I also see a stronger network of coaches and coaching styles being shared between North America and Sweden. What makes goaltenders so successful today is how they all play a style that is based around their individual strengths. Goalie coaches all over the world are quickly learning that they must adapt and customize their teachings to fit the mold of the goalie. Even though there are many different “types” of butterfly styles (hybrid, flybrid, pro-fly, half-butterfly, etc), all of these styles basically teach the same thing. The position is becoming more standardized than ever before, so what is being coached in North America is essentially the same as what is being coached in Sweden and around the globe.
As this coaching “network” in Sweden and North America continues to grow, the coaches interact and learn things from each other on a more consistent basis. As a result, it has a direct influence on the goalies. For example, a Swedish coach will attend a camp in Canada for a week over the summer. He will learn one or two techniques that he knows will work well for his goalies back in Sweden. He returns home and implements some of those techniques in training camp, and all of a sudden his goalies have a mixture of styles coming together to improve the goalie’s overall game.
This is happening all over the world, all the time, with hundreds of goalie coaches. When you tie in social media websites like Facebook, Twitter and more goalie camps and clinics, the network of goaltending is getting stronger and more consistent with their teachings and techniques.
As time goes on, more networking and “mixing” between Swedish and North American styles is taking place. At the end of the day, the position is now a pure “personalized” hybrid. Every single goalie is different, so they all play a style that works best for them.
HS: Could you say that there’s a distinguished style that you can see among Swedish goalies nowadays? If so, how would you describe it?
JG: Since no two goalies are the same, it is hard to say all Swedish goalies have a distinguished style. But if I had to generalize, I would say Swedish goalies usually play deeper in their crease and with a slightly wider stance. I look at a goalie like Henrik Lundqvist and what makes him successful, and I see many other goalies in Sweden with a similar mold. Lundqvist has mastered the skill of playing deep in the net. He relies on his reflexes to make tough reaction saves and has a really wide stance so that his knees are closer to the ice. This allows him to seal his pads to the ice faster than a goalie that stands more upright.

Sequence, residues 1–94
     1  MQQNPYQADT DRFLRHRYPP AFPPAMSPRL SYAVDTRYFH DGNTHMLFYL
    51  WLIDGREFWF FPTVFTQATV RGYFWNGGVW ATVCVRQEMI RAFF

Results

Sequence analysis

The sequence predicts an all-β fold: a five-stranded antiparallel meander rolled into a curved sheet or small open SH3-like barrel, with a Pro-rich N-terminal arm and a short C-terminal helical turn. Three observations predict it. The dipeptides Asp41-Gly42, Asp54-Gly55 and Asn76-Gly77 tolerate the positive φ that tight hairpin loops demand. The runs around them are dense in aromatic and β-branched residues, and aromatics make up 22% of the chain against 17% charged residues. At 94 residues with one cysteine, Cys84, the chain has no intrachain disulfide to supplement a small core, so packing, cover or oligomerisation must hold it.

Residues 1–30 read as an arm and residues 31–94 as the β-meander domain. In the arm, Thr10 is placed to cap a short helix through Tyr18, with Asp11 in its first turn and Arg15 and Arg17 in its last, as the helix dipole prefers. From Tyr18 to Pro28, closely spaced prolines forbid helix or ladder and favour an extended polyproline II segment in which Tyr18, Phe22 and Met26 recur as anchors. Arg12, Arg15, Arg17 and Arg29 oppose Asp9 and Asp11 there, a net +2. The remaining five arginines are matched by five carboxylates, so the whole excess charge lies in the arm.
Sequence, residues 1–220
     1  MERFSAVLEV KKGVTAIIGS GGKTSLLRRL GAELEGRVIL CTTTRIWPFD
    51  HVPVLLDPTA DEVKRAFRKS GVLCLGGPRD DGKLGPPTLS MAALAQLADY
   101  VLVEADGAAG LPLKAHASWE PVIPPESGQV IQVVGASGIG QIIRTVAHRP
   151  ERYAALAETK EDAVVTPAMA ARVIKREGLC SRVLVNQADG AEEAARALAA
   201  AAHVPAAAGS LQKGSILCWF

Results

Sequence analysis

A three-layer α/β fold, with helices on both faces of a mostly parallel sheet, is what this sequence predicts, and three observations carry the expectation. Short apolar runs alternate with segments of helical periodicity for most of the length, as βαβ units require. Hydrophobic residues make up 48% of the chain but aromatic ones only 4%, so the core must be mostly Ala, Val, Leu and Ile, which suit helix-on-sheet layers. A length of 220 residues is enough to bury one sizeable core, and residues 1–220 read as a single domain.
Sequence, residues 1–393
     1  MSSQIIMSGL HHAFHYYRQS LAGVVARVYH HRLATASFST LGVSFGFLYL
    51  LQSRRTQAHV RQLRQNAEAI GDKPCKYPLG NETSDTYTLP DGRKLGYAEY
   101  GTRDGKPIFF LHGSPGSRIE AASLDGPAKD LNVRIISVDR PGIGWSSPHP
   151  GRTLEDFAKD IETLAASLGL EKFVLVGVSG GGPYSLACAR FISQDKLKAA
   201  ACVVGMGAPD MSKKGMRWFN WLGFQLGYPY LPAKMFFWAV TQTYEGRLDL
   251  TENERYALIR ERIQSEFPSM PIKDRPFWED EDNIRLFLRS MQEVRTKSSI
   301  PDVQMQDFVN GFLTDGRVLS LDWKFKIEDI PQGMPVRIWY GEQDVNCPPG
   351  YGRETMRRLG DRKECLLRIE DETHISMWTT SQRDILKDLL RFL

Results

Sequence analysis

When a goalie plays deeper in the crease, they are moving less. Lundqvist is known as being a very positionally sound goalie, and part of that is because he is not forced to move as much as a goalie that plays at the top (or above) his crease.
I watched Viktor Fasth during the World Championships and liked how he also plays a bit deeper in his crease and with a wide stance. Even though he is not very tall, he still covers the top corners extremely well because he has a straight back and builds a very solid wall with his wide butterfly. At the same time, he has good active hands and can make the reflex save if needed. He has a good combination of positioning and reflexes and combined with his age, he would make a very good NHL goalie.
Overall, this is how I would describe today’s “Swedish butterfly” goalie. They play a little deeper so that they move less, and this allows them to stay in better position. Again, I must be clear that every goalie in Sweden is different, so it ultimately comes down to the style that works best for them. And as I discussed above, what makes Swedish goalies so successful right now is that they are being taught a totally customized style that works best for their body, their size and their strengths.